Harlem, the area bounded by 110th and 178th Streets, was originally settled by Dutch farmers in the mid-1600s. By the early 1800s, residential development of the area had begun and western Harlem became a fashionable, middle-class white suburb. When the bottom fell out of the real estate market at the beginning of the 1900s, African-American families moved into the “decent housing” that was being abandoned. In the 1920s, Harlem became world-famous as a center for black arts and culture, where jazz greats like Duke Ellington and Cab Calloway performed at the Cotton Club. Today, the area is divided ethnically between Spanish Harlem (known as “El Barrio”), located east of Fifth Ave., and African-American Harlem, located north of St. Nicholas Ave. and 125th Street. The beautiful brownstone churches and cultural centers are revitalizing this historic area that is still considered “Manhattan’s ghetto.”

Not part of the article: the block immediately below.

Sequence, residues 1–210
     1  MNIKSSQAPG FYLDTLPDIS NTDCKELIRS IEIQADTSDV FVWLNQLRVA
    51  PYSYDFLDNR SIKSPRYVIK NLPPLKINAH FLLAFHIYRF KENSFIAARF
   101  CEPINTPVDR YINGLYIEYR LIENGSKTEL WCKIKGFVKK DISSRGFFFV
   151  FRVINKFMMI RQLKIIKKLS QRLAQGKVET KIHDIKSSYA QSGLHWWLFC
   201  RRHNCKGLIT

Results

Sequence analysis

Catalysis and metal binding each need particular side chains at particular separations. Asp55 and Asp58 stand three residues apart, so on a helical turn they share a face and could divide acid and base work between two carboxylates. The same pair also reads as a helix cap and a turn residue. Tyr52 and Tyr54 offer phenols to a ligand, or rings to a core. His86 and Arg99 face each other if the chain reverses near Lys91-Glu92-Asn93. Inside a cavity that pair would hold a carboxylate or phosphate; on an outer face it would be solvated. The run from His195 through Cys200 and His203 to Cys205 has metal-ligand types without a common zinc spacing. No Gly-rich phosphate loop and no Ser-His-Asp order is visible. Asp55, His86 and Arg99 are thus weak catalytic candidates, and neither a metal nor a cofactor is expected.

Don’t Miss:

  • The Apollo Theatre – showcase for African-American performers’ talents
  • Shabazz Market – outdoor market named in honor of civil rights activist Malcolm X’s widow
  • Abyssinian Baptist Church – N.Y.’s oldest African-American congregation
  • Schomburg Center for Research – contains the world’s largest archive relating to African-American heritage


Harlem History

Apollo Theater Interactive Timeline

Article written by Sarah Wyland

Sarah Wyland
Sarah never gets in trouble for being on Facebook and Instagram at work, because its her job. As social media manager, she gets to tell the stories of travelers, teachers, and interesting places. Other titles she enjoys include dog mom to Knox, barre instructor, Crossfit athlete, avid reader, and world traveler.